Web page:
1500V isolation (input to output)

NB: the Power over Ethernet module is proprietary hardware not made by Arduino, it is a third party accessory. For more
information, see the datasheet
When using the power adapter, power can come either from an AC-to-DC adapter (wall-wart) or battery. The adapter can
be connected by plugging a 2.1mm center-positive plug into the board's power jack. Leads from a battery can be inserted
in the Gnd and Vin pin headers of the POWER connector.
The board can operate on an external supply of 6 to 20 volts. If supplied with less than 7V, however, the 5V pin may
supply less than five volts and the board may be unstable. If using more than 12V, the voltage regulator may overheat
and damage the board. The recommended range is 7 to 12 volts.

Memory
The ATmega328 has 32 KB (with 0.5 KB used for the bootloader). It also has 2 KB of SRAM and 1 KB of EEPROM (which
can be read and written with the EEPROM library).

Input and Output


Each of the 14 digital pins on the Ethernet board can be used as an input or output, using pinMode(), digitalWrite(), and
digitalRead() functions. They operate at 5 volts. Each pin can provide or receive a maximum of 40 mA and has an internal
pull-up resistor (disconnected by default) of 20-50 kOhms. In addition, some pins have specialized functions:
Serial: 0 (RX) and 1 (TX). Used to receive (RX) and transmit (TX) TTL serial data.
External Interrupts: 2 and 3. These pins can be configured to trigger an interrupt on a low value, a rising or
falling edge, or a change in value. See the attachInterrupt() function for details.
PWM: 3, 5, 6, 9, and 10. Provide 8-bit PWM output with the analogWrite() function.
SPI: 10 (SS), 11 (MOSI), 12 (MISO), 13 (SCK). These pins support SPI communication using the SPI library.
LED: 9. There is a built-in LED connected to digital pin 9. When the pin is HIGH value, the LED is on, when the pin
is LOW, it's off. On most other arduino boards, this LED is found on pin 13. It is on pin 9 on the Ethernet board
because pin 13 is used as part of the SPI connection.
The Ethernet board has 6 analog inputs, labeled A0 through A5, each of which provide 10 bits of resolution (i.e. 1024
different values). By default they measure from ground to 5 volts, though is it possible to change the upper end of their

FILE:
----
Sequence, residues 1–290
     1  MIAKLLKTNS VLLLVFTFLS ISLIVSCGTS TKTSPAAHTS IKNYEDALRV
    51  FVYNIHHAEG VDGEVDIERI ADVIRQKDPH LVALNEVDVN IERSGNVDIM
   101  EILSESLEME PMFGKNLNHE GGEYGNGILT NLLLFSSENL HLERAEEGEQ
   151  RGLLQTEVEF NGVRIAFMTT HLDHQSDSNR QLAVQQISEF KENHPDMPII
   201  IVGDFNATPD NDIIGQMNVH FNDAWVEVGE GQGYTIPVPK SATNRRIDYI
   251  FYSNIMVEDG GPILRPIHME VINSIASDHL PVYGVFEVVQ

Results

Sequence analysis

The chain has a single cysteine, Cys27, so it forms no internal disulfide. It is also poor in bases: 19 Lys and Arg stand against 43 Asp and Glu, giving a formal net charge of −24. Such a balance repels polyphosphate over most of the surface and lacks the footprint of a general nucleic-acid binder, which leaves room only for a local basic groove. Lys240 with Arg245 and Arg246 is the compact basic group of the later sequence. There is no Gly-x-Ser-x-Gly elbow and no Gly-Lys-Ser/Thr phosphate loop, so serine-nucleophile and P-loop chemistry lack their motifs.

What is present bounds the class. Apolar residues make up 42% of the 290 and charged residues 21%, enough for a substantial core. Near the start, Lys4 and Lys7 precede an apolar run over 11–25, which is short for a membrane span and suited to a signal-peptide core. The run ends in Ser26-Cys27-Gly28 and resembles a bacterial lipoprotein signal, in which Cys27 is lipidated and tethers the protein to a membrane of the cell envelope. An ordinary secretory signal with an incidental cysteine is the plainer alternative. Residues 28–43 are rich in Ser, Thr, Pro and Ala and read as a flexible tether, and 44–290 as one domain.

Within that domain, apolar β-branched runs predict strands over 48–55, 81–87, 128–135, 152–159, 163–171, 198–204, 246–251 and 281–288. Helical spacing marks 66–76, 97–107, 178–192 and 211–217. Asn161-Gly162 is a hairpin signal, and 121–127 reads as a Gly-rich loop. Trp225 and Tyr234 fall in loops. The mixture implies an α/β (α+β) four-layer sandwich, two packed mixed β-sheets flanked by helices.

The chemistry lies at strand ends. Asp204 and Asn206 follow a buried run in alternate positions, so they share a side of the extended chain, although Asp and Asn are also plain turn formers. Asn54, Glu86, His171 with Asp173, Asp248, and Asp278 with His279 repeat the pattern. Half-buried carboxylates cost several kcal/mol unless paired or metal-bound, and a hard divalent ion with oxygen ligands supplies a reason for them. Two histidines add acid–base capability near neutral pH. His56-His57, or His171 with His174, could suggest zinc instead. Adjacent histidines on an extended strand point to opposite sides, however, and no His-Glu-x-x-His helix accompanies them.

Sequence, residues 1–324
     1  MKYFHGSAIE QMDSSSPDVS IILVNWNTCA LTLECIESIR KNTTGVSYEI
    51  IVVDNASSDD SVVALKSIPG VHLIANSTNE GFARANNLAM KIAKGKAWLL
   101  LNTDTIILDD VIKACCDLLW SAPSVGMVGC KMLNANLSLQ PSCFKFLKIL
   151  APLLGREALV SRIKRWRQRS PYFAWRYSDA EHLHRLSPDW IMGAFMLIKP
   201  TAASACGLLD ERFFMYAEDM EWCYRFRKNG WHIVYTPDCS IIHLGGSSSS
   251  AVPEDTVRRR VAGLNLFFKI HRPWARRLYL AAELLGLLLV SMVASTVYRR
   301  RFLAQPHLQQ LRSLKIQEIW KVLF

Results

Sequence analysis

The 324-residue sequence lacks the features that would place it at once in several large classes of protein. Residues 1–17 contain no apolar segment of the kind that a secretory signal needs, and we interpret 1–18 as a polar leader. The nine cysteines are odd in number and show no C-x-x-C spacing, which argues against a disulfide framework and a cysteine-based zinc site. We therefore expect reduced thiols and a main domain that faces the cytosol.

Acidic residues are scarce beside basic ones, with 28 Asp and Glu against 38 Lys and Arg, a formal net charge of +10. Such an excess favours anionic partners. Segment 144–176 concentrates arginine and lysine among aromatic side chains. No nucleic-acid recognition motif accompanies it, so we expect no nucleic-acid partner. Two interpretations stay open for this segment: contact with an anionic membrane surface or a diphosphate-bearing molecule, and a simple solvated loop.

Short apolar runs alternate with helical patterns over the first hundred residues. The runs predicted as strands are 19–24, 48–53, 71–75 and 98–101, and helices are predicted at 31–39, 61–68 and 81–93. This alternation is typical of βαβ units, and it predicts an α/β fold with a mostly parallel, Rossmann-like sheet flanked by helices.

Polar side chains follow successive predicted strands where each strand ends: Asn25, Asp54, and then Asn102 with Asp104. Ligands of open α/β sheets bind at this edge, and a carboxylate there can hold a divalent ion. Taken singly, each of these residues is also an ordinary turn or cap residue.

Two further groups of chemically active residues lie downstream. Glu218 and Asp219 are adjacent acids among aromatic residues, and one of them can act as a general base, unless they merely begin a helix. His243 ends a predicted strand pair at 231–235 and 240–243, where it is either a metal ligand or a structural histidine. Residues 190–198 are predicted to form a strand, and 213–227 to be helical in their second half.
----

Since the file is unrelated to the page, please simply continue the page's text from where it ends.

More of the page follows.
range using the AREF pin and the analogReference() function. Additionally, some pins have specialized functionality:
TWI: A4 (SDA) and A5 (SCL). Support TWI communication using the Wire library.
There are a couple of other pins on the board:
AREF. Reference voltage for the analog inputs. Used with analogReference().
Reset. Bring this line LOW to reset the microcontroller. Typically used to add a reset button to shields which block
the one on the board.
See also the mapping between Arduino pins and ATmega328 ports.

Communication

The Arduino Ethernet has a number of facilities for communicating with a computer, another Arduino, or other
microcontrollers.
A SoftwareSerial library allows for serial communication on any of the Uno's digital pins.
The ATmega328 also supports TWI and SPI communication. The Arduino software includes a Wire library to simplify use
of the TWI bus; see the documentation for details. For SPI communication, use the SPI library.
The board also can connect to a wired network via ethernet. When connecting to a network, you will need to provide an
IP address and a MAC address. The Ethernet Library is fully supported.
The onboard microSD card reader is accessible through the SD Library. When working with this library, SS is on Pin 4.

Programming
It is possible to program the Arduino Ethernet board in two ways: through the 6 pin serial programming header, or with
an external ISP programmer.
The 6-pin serial programming header is compatible with FTDI USB cables and the Sparkfun and Adafruit FTDI-style basic
USB-to-serial breakout boards including the Arduino USB-Serial connector. It features support for automatic reset, allowing
sketches to be uploaded without pressing the reset button on the board. When plugged into a FTDI-style USB adapter,